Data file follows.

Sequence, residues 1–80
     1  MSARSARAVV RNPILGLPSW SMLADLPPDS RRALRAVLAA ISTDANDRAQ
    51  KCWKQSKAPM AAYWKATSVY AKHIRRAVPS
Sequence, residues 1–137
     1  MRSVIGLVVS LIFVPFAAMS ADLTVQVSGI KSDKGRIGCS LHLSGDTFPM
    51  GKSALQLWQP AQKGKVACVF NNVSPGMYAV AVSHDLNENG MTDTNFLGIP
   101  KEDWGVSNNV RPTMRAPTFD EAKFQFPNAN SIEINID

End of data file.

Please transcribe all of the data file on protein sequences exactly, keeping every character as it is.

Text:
Sequence, residues 1–80
     1  MSARSARAVV RNPILGLPSW SMLADLPPDS RRALRAVLAA ISTDANDRAQ
    51  KCWKQSKAPM AAYWKATSVY AKHIRRAVPS
Sequence, residues 1–137
     1  MRSVIGLVVS LIFVPFAAMS ADLTVQVSGI KSDKGRIGCS LHLSGDTFPM
    51  GKSALQLWQP AQKGKVACVF NNVSPGMYAV AVSHDLNENG MTDTNFLGIP
   101  KEDWGVSNNV RPTMRAPTFD EAKFQFPNAN SIEINID